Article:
General relativity

G_{\mu \nu} + \Lambda g_{\mu \nu}= {8\pi G\over c^4} T_{\mu \nu}




Equations


Formalisms


Advanced theory






Linearized gravity is an approximation scheme in general relativity in which the nonlinear contributions from the spacetime metric are ignored, simplifying the study of many problems while still producing useful approximate results.
Contents

The method 1

Applications 2

Weakfield approximation 2.1

Linearised Einstein field equations 3

Derivation for the Minkowski metric 3.1

With a coordinate condition 4

Applications 5

See also 6

References 7
The method
In linearized gravity the metric tensor, g, of spacetime is treated as a sum of an exact solution of Einstein's equations (often Minkowski spacetime) and a perturbation h.

g \, =\eta+h
where \eta is the nondynamical background metric that is being perturbed about, and h represents the deviation of the true metric (g) from flat spacetime.
The perturbation is treated using the methods of perturbation theory, "linearized" by ignoring all terms of order higher than one (quadratic in h, cubic in h etc...) in the perturbation.
Applications
The Einstein field equations (EFE), being nonlinear in the metric, are difficult to solve exactly and the above perturbation scheme allows linearised Einstein field equations to be obtained. These equations are linear in the metric, and the sum of two solutions of the linearized EFE is also a solution. The idea of 'ignoring the nonlinear part' is thus encapsulated in this linearization procedure.
The method is used to derive the Newtonian limit, including the first corrections, much like for a derivation of the existence of gravitational waves that led, after quantization, to gravitons. This is why the conceptual approach of linearized gravity is the canonical one in particle physics, string theory, and more generally quantum field theory where classical (bosonic) fields are expressed as coherent states of particles.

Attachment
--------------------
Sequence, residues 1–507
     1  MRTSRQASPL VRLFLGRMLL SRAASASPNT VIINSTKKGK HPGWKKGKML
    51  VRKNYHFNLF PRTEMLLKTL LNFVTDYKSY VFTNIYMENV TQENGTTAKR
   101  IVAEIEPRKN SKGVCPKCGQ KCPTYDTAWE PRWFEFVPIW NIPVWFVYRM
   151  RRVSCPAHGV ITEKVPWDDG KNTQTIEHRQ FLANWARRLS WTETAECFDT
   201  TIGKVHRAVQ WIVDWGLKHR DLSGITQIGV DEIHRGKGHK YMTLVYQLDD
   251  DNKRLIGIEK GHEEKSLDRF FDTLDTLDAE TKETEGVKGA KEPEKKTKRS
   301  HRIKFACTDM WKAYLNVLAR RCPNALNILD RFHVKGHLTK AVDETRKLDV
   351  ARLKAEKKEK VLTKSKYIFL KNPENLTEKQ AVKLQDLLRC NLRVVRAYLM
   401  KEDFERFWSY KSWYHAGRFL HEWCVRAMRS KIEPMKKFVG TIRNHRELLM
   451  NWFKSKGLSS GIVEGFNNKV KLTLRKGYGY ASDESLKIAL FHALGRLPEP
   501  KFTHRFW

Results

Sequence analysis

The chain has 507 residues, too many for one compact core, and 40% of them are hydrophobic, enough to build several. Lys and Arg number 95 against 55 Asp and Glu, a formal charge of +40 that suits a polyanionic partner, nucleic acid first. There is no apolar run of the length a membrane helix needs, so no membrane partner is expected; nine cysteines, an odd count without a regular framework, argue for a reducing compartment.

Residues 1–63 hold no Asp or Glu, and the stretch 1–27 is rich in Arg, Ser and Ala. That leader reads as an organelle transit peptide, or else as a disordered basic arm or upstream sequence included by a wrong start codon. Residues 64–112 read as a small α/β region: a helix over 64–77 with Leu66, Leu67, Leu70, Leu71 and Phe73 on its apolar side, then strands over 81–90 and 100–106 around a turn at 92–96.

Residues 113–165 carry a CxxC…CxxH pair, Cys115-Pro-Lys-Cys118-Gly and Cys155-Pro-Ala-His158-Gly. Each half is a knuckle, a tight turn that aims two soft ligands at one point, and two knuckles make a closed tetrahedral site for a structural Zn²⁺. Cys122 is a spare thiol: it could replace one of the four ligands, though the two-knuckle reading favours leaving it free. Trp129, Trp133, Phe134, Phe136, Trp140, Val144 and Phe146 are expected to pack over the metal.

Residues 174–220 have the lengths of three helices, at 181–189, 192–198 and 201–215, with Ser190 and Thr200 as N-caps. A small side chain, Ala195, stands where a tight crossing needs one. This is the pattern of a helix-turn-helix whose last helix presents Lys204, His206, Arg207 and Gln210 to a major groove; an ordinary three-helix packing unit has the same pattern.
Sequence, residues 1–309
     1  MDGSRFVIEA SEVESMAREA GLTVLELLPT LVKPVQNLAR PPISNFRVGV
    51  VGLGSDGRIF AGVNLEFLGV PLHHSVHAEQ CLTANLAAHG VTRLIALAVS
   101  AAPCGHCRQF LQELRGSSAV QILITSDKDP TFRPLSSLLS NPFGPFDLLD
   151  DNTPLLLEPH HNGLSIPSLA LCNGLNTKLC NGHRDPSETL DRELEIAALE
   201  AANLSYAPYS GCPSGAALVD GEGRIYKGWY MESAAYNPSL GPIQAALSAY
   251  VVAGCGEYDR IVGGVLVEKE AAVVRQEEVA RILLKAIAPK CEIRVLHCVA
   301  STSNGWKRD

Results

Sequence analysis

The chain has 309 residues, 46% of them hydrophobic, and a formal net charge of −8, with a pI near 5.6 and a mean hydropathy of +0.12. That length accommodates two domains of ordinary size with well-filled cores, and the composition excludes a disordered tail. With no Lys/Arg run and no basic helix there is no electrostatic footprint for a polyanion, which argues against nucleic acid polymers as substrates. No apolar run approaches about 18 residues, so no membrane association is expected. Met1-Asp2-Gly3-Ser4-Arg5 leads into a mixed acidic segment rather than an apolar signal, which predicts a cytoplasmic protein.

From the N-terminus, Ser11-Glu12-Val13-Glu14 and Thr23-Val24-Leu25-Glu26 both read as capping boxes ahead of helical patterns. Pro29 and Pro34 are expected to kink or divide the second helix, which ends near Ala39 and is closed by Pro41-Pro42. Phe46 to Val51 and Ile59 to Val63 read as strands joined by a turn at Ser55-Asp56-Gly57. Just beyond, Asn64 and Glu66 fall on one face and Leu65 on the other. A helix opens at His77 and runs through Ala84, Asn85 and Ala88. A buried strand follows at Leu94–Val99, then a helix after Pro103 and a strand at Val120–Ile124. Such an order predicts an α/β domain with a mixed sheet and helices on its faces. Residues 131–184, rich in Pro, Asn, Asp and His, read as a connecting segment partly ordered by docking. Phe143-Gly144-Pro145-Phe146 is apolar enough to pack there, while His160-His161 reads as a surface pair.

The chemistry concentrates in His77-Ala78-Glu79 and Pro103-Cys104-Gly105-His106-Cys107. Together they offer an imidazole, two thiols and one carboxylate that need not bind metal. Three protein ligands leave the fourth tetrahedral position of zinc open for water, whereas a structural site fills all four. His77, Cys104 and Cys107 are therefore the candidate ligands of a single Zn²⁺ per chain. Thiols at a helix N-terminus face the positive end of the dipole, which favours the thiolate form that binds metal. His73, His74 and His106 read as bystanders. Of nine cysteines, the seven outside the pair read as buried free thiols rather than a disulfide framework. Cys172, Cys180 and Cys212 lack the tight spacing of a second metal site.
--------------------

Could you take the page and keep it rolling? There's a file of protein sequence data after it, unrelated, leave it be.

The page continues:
This approximation is also known as the weakfield approximation as it is only valid for h very small.
Weakfield approximation
In a weakfield approximation, the gauge symmetry is associated with diffeomorphisms with small "displacements" (diffeomorphisms with large displacements obviously violate the weak field approximation), which has the exact form (for infinitesimal transformations)

\delta_{\vec{\xi}}h=\delta_{\vec{\xi}}g\delta_{\vec{\xi}}\eta=\mathcal{L}_{\vec{\xi}}g=\mathcal{L}_{\vec{\xi}}\eta+\mathcal{L}_{\vec{\xi}}h= \left[\xi_{\nu;\mu} + \xi_{\mu;\nu} + \xi^\alpha h_{\mu\nu;\alpha} + \xi^\alpha_{;\mu} h_{\alpha\nu} + \xi^\alpha_{;\nu} h_{\mu\alpha}\right]dx^\mu \otimes dx^\nu
Where \mathcal{L} is the Lie derivative and we used the fact that η does not transform (by definition). Note that we are raising and lowering the indices with respect to η and not g and taking the covariant derivatives (LeviCivita connection) with respect to η. This is the standard practice in linearized gravity. The way of thinking in linearized gravity is this: the background metric η is the metric and h is a field propagating over the spacetime with this metric.
In the weak field limit, this gauge transformation simplifies to

\delta_{\vec{\xi}}h_{\mu\nu}\approx \left(\mathcal{L}_{\vec{\xi}}\eta\right)_{\mu\nu}=\xi_{\nu;\mu} + \xi_{\mu;\nu}
The weakfield approximation is useful in finding the values of certain constants, for example in the Einstein field equations and in the Schwarzschild metric.
Linearised Einstein field equations
The linearised Einstein field equations (linearised EFE) are an approximation to Einstein's field equations that is valid for a weak gravitational field and is used to simplify many problems in general relativity and to discuss the phenomena of gravitational radiation. The approximation can also be used to derive Newtonian gravity as the weakfield approximation of Einsteinian gravity.